Apple builds data center to obey Chinese cybersecurity rules

The facility will help Apple abide by convoluted new legislation.

Apple is building its first data center in China in a bid to speed up services for local users and adhere to convoluted cybersecurity laws introduced by the country last month. According to Chinese officials the regulations, which state that all foreign firms must store their data in China, are designed to counter the threat of cyberattacks.

While many overseas businesses claim the law is vague and burdensome, Apple seems more than happy to continue courting its second-largest market. The center, which will be built in the Southern province of Guizhou, is part of a planned $1 billion investment in the province, and comes less than a year after the tech giant announced plans to open a research and development center in Shenzen.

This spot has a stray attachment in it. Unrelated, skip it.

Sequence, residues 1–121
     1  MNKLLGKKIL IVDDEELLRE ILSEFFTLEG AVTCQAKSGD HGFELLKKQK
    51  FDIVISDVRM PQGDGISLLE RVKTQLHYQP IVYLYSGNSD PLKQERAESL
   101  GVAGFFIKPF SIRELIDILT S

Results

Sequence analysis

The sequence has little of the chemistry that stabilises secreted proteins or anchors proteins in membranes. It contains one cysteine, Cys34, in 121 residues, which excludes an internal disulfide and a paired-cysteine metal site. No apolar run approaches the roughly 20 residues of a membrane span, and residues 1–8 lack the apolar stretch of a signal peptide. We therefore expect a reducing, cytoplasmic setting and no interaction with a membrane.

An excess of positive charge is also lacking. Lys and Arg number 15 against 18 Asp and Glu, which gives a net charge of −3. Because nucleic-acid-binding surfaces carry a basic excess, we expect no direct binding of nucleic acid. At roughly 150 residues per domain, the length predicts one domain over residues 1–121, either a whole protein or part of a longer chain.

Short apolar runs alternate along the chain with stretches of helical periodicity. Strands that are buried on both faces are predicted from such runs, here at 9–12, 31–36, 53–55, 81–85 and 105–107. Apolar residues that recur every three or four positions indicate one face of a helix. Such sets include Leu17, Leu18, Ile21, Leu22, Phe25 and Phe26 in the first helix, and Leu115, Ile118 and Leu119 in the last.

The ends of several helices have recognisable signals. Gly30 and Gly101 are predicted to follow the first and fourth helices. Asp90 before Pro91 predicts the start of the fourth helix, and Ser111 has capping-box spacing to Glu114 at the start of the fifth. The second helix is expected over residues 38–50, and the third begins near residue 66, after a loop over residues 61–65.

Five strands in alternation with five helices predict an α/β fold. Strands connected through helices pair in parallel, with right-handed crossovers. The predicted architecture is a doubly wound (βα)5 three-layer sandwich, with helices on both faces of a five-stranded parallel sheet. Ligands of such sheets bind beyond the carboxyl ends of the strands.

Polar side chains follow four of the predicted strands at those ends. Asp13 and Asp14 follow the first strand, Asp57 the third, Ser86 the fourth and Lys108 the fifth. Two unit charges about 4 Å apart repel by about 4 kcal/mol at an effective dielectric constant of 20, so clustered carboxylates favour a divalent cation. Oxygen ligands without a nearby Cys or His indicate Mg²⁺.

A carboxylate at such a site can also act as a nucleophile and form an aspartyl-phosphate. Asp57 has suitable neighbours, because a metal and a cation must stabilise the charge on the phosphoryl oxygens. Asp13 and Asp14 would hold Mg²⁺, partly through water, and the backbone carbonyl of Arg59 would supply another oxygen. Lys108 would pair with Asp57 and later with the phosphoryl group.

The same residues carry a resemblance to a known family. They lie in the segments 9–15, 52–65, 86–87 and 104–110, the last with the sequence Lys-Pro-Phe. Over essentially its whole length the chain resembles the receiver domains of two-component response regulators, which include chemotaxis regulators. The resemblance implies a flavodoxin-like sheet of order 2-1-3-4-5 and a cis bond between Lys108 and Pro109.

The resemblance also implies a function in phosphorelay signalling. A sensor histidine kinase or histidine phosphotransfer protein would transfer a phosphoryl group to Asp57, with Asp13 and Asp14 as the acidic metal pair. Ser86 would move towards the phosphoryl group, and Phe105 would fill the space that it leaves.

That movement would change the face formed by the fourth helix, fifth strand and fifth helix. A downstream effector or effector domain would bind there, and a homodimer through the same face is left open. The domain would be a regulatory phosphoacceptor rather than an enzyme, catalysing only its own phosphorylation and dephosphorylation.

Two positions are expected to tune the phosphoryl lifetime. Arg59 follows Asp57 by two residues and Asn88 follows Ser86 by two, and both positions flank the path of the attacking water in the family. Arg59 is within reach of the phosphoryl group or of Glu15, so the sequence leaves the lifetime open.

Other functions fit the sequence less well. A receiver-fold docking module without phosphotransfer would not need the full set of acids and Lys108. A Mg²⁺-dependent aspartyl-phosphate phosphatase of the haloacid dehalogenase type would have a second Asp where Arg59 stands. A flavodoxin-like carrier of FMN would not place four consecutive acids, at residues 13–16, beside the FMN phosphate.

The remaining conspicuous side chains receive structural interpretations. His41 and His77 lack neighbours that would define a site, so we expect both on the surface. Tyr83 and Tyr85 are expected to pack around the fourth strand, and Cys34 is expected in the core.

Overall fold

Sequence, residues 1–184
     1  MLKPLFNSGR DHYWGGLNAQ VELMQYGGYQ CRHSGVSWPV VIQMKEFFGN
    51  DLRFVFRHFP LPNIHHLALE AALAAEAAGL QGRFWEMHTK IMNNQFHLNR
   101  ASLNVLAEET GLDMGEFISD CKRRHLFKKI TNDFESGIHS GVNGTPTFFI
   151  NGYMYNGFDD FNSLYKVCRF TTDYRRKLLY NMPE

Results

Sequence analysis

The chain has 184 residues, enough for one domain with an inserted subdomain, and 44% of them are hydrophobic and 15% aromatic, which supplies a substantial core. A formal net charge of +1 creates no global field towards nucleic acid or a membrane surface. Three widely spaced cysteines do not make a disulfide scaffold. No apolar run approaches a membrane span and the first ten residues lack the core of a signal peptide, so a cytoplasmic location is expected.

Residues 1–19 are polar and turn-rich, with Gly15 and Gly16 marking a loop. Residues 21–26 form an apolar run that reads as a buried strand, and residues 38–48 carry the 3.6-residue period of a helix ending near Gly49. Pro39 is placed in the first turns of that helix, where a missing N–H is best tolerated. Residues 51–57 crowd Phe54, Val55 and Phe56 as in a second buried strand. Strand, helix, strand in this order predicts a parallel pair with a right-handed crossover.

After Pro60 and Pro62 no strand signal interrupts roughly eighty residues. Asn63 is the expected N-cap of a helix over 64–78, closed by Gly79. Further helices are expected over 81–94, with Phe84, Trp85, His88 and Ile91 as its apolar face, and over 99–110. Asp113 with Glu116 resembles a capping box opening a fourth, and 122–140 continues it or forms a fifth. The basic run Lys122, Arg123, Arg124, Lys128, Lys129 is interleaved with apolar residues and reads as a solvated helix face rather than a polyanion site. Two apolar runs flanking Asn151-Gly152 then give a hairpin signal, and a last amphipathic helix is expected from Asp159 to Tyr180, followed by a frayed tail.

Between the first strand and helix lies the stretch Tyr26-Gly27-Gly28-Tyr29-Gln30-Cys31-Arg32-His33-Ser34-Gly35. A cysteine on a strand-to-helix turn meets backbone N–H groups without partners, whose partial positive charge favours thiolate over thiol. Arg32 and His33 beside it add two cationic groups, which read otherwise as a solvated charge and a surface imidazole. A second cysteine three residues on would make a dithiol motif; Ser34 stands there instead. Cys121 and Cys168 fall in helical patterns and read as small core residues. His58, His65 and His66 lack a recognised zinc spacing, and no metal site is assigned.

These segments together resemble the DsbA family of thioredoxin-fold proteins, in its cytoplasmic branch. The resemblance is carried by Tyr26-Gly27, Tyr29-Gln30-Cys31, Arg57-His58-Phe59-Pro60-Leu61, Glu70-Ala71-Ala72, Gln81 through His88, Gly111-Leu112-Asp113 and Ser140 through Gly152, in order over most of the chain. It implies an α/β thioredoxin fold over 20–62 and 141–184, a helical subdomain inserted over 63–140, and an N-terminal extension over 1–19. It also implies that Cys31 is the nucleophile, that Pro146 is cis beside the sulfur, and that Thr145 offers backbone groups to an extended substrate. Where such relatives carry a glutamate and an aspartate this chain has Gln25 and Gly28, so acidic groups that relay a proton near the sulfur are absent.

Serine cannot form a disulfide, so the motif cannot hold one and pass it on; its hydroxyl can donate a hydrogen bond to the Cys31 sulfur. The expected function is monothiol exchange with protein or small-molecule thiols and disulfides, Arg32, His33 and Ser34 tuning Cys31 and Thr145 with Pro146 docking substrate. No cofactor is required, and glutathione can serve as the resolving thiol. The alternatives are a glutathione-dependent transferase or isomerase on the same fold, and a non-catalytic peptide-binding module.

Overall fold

The new facility will be driven entirely by renewable energy and run in partnership with data management firm Guizhou-Cloud Big Data Industry Co Ltd. "The addition of this data center will allow us to improve the speed and reliability of our products and services while also complying with newly passed regulations," the company said in its statement. "Apple has strong data privacy and security protections in place and no backdoors will be created into any of our systems."